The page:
For No One Else
I do not want you
to read my poems any more.
You see only the words
and not the mysteries.
But what is worse is
you don't want to see.
28 September 1986
I was surprised to see this poem crop up here. I would’ve sworn I’d written it about my first wife because there definitely came a point when I stopped showing her my work. I don’t remember getting to that stage with F. but maybe I did or maybe I was thinking about my first wife when I wrote it. Hard to tell. I’ve definitely not got to that stage with Carrie and her opinion still matters. I take that as a good sign. It helps that Carrie’s a writer. No other woman I’ve been involved with has written and so they could never understand how important it was to me. I might as well have been showing them a new beer mat I’d ordered online. They always treated writing as a thing I did and it’s so much more than that. I talk about this in the new book:
My wife used to read all my stuff when she was alive. She would check over everything I gave her whenever I presented it to her; it was never a bad time even when my timing was off which, as I recall, it often was. She read it and then passed comment on it. Customarily she would make notes in the margins, circle certain words or recommend alternative punctuation. It exasperated me no end when she handed the pages back and there were no such addenda. It used to grate on me. I was never convinced that the work was perfect so the problem had to be she had not read it deeply enough or carefully enough or she had only understood it superficially, only read it as a story, an arrangement of plots and subplots, text and subtext, dialogue and description. No, those were merely the strings to my bow, not the music; that was something intangible, something beyond crass notation. It is as good as analogy as any. Perhaps one day that will find itself interred in some godawful book of quotes but hopefully not. “Did you not like it?” I would say and she would say it was “fine”—that was her go-to word—but I would continue to interrogate her: what about the character development? did she feel my hero grew or shrank as the case may be? did he have his own voice or was it merely me mouthing off?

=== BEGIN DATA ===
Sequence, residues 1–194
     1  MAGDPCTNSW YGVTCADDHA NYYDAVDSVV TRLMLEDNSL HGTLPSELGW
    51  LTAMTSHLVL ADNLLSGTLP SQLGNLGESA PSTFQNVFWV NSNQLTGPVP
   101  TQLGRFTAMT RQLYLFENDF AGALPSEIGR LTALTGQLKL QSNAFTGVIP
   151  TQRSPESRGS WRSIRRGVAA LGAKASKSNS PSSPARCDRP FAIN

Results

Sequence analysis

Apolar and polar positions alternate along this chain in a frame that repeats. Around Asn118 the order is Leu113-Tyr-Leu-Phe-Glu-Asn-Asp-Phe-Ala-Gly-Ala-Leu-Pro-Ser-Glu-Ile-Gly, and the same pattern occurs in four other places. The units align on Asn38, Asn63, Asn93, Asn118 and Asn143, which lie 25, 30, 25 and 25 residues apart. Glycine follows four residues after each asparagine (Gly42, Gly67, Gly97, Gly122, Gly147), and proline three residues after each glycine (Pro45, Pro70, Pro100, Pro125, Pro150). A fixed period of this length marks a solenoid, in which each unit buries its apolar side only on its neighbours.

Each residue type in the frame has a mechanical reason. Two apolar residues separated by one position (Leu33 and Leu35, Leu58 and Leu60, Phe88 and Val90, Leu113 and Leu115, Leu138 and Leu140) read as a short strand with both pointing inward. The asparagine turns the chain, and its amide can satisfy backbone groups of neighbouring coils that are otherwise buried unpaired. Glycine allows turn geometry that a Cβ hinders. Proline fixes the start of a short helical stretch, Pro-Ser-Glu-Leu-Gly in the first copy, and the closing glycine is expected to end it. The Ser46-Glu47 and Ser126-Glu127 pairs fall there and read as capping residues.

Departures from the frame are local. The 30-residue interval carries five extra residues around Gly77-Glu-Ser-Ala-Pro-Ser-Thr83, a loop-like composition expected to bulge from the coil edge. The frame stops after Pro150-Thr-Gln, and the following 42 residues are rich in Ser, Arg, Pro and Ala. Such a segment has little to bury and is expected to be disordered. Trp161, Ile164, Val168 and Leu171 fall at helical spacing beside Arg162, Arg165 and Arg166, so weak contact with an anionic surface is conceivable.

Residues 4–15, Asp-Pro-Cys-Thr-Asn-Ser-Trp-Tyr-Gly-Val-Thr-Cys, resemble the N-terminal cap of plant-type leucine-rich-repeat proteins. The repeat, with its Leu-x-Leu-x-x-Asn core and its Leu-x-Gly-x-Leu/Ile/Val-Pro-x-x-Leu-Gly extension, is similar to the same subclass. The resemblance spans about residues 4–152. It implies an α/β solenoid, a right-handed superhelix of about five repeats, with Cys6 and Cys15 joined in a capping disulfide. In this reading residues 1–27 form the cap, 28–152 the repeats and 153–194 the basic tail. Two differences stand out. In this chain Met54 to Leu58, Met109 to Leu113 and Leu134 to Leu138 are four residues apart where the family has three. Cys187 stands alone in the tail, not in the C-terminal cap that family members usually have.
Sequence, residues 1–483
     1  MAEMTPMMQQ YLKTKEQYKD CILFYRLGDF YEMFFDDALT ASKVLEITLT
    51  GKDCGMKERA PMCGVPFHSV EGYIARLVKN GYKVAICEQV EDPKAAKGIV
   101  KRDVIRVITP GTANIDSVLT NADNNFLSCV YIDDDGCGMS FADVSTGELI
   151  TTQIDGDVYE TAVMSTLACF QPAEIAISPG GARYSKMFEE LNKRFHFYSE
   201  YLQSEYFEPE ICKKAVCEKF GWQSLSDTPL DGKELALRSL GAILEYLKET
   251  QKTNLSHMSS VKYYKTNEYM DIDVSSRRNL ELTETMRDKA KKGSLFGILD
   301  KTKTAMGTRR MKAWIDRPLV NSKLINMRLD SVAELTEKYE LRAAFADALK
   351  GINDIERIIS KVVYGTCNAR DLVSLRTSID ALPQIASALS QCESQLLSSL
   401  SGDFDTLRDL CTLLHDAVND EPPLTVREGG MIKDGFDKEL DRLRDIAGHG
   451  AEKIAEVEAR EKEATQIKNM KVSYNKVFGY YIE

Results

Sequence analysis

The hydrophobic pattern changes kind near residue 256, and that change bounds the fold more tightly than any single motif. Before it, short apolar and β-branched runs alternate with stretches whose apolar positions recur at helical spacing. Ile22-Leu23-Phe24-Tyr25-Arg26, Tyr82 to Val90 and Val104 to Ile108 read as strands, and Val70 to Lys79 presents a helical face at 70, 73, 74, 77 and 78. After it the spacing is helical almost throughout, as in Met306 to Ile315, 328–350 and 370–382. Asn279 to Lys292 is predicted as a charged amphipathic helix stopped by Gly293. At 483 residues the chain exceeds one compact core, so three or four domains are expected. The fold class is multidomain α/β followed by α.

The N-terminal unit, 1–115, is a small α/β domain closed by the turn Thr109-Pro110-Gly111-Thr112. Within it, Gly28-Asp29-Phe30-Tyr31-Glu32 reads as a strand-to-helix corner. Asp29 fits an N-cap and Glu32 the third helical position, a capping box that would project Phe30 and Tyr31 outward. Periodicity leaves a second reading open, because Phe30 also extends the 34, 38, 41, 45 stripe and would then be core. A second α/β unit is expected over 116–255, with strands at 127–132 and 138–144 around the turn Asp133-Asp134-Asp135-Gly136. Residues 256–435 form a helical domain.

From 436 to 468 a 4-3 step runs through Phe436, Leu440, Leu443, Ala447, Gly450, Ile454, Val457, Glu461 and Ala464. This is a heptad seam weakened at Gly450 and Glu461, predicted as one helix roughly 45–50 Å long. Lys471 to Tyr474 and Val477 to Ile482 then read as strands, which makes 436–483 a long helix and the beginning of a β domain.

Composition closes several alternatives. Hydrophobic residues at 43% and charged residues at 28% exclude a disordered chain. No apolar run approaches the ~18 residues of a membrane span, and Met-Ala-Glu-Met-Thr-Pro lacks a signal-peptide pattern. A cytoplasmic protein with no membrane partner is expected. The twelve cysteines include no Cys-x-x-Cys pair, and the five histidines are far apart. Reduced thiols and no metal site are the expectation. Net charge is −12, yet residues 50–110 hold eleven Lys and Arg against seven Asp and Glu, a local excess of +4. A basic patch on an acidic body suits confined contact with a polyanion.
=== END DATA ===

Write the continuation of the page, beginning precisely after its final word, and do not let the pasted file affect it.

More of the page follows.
“No, dear,” she would say (it was the only time she ever called me “dear”). “I think the voice was fine—very… not you.”
On and on I would go, whittling away, but never asking the key question. I never said, “Did you get it?” did she know what I meant. I never hinted at things like that for fear she might say, “I guess not—sorry,” and I would have failed. I did not wish to fail.
I should be done now. I had one last block of minor changes to make before passing it over to Carrie to read and then my laptop froze during the latest Windows update—damn you to hell Microsoft!—and I’ve had to reinstall my laptop from scratch. So guess what I’ve been doing for the last two days. Which is also why I’m writing on this at 10am on Wednesday. Normally I do not like to leave things this late.